British Team wins Wenger Patagonian Expedition Race 2010
British team claims the trophy and shatters previous records in the world's wildest race through Chilean Patagonia. Extremely physically and mentally challenging, the event tested competitors to the limit on bike, kayak and foot as they traversed plains, mountains, glaciers, native forests, swampland, rivers, lakes and channels.
British team Helly Hansen-Prunesco became the first in history to retain the Wenger Patagonian Expedition Race 2010 title on Monday morning when they crossed the finish line on the Beagle Channel after six-and-a-half days of exhausting non-stop racing through the spectacular wilderness of Chilean Patagonia.
The four Britons, who at one point had to swim a fast-flowing ice-fed river to stay on track, won the world's 'toughest and wildest race' after a 600km course of trekking, kayaking and biking over the wind-swept pampas of Tierra del Fuego, peat bogs in Karukinka Reserve, snow-capped mountains and tree-filled canyons in the Cordillera Darwin and rough waves in the Beagle Channel.
They beat a field of 14 international teams to retain the Wenger trophy in Chile's bicentennial year and team captain Nicola MacLeod said: "This is such a special race and it's amazing to win it again - even more so because we have come back here with exactly the same team and beaten a high quality field.
"The route of this year's race was tough but also spectacular and it took us through some absolutely stunning surroundings. We race hard, but we still stop sometimes to take it all in and it is obvious Patagonia is at the tip of a continent - big wind, big weather, big sea and big mountains. Everything is extreme but also beautiful."
The Wenger Patagonian Expedition Race, which had a 30 percent finish rate last year, is made particularly tough by the unpredictable climate in this virgin territory - but this year's conditions were not too severe and all the teams were able to complete a fast first half that ran the length of Chilean Tierra del Fuego and into the foothills of the Darwin range.
Helly Hansen-Prunesco was virtually tied with Canadian team Untamed New England and Spaniards Air Europa Bimont when the first main trek of the race finished in central Tierra del Fuego but they excelled in strong winds on the 178km mountain bike section and built an unassailable lead on the 114km Darwin trek.
They completed the race by kayaking across the Beagle Channel and trekking up Mount King Scott and they reached the finish with almost half a day of race time advantage over closest rivals Air Europa Bimont, of Spain.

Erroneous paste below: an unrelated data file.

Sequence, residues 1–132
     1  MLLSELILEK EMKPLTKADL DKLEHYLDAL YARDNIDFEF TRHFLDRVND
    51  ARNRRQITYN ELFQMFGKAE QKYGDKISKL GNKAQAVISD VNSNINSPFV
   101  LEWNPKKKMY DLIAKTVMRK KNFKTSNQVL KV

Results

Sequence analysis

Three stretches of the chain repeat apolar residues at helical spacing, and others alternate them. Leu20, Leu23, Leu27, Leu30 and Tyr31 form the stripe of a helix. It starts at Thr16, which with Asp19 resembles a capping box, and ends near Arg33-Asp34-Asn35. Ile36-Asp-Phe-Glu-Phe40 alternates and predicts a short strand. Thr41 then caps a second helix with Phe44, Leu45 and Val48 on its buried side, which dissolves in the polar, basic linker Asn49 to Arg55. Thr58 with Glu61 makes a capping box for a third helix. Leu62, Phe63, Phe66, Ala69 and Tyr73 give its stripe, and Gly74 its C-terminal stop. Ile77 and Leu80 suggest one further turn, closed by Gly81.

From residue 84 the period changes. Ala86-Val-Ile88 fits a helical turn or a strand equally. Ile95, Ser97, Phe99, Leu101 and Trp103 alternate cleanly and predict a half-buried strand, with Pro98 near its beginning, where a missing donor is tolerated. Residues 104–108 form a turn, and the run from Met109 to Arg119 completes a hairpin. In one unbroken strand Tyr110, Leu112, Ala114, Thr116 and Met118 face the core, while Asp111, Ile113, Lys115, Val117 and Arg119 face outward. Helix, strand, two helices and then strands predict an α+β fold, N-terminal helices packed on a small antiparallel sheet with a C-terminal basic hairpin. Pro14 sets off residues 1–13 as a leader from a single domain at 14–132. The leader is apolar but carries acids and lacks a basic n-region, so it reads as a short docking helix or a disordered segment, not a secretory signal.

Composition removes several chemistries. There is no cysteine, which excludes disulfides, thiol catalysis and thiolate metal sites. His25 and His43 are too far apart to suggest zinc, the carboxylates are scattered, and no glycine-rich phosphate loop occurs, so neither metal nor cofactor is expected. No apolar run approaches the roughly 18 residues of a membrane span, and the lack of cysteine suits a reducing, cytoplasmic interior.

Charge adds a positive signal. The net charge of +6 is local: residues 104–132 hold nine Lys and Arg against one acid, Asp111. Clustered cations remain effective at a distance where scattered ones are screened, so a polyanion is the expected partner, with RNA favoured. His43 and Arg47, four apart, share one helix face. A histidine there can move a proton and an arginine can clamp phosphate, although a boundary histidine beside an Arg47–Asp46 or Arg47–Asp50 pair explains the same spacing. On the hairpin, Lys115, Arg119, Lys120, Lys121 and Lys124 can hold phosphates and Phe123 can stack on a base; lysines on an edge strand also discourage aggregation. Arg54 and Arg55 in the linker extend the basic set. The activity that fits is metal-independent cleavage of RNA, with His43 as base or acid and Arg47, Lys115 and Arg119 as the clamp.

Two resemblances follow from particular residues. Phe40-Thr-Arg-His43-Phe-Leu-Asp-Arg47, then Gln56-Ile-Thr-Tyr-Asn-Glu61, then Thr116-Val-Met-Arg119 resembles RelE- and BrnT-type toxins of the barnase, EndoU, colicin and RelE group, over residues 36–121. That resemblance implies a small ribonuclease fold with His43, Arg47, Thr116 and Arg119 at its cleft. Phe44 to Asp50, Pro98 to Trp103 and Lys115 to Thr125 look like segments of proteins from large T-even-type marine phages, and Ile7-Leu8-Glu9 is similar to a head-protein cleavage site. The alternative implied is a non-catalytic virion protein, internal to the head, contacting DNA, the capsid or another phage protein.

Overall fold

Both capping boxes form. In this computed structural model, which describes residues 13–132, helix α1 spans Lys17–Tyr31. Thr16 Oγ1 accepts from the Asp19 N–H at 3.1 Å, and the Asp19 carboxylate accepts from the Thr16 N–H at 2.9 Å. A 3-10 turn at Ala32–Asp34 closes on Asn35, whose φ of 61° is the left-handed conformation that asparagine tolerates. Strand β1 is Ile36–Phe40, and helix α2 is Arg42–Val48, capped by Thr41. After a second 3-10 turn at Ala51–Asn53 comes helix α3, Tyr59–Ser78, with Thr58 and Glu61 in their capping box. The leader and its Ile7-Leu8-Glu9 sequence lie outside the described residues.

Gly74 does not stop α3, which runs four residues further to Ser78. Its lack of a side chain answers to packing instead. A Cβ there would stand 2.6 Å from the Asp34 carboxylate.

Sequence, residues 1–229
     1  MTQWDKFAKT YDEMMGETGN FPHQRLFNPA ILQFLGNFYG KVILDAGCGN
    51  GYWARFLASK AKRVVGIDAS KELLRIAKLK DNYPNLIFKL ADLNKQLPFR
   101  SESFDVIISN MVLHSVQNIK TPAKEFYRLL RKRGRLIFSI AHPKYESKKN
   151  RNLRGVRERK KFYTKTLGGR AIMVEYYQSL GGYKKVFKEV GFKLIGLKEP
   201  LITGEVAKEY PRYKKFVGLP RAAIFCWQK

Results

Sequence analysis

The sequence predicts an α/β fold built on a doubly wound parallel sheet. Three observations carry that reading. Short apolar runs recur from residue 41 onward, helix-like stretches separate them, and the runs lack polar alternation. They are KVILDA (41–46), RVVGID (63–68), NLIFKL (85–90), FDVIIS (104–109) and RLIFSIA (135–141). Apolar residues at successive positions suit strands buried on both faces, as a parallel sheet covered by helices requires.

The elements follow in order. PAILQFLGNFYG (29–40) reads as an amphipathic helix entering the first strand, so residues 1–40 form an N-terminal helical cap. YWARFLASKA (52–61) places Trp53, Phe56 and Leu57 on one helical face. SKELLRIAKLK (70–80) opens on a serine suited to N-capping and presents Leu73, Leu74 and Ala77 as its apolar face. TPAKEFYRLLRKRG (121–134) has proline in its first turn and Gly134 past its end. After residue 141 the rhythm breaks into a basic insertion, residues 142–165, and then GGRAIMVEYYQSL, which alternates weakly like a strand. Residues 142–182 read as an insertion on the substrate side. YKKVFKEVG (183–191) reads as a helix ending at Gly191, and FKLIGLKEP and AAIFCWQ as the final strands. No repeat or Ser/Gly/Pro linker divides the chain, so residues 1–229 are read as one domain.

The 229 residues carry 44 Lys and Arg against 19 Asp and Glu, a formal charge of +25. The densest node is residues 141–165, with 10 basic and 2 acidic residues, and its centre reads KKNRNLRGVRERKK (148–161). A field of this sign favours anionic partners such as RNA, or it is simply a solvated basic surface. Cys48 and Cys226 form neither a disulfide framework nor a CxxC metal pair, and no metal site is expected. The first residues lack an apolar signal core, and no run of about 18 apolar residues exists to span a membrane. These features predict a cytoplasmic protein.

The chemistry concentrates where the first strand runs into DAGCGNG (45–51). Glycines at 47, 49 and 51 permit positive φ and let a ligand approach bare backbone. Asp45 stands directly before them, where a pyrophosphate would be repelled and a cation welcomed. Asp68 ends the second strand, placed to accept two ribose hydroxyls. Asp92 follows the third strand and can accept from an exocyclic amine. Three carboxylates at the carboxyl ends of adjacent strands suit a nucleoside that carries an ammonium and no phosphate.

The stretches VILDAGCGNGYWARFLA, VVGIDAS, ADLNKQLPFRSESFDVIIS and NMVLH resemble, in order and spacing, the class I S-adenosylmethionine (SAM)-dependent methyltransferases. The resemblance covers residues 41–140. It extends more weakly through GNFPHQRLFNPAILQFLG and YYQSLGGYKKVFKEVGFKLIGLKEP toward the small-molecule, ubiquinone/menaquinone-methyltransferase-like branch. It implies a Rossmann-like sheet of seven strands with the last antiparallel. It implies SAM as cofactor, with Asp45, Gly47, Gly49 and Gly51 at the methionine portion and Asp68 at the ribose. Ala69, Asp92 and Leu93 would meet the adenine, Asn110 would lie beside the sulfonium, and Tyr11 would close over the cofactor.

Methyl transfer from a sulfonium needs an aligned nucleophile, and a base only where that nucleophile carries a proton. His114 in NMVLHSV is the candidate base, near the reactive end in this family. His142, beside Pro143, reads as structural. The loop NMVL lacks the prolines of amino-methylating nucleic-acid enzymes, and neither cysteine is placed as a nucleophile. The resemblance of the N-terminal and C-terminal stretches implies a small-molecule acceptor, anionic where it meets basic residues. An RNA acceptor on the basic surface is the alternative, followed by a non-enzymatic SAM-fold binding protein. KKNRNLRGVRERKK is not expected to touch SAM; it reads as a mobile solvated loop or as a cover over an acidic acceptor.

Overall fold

The race was too tough for some teams to complete the course, with British team Fast and Light the first to drop out at the halfway point after one of their members suffered a stomach bug and could not continue. The two local teams from Chile were next out, both missing the cut-off times on the route, while Brazilians Tierra Mundo Lontra and American team Eddie Bauer were too exhausted to finish.
The director of the Wenger Patagonian Expedition Race, Stjepan Pavicic, said: "This was a tough course and even to get halfway through is an achievement - the Darwin Range is magnificent but it is also a difficult place to trek, with some thick forests and some high mountain passes to get through.
"I am really impressed with Helly Hansen-Prunesco, who have done incredibly well to come back and win again, especially given the strong field the race has attracted this year. We had a great close competition but they pushed when it counted and at all times they followed exactly the spirit of the race."
The Olympics-partnered event, which is run to raise awareness for Chilean Patagonia and the fragile environment of the region, once again displayed Chilean Patagonia at its very best with a course that reached the shores of Isla Navarino, making it the most southerly race in history.
The race is scheduled to finish for all competitors on February 17 and there are eight teams still out on the course hoping to complete it before the final cut-off time.
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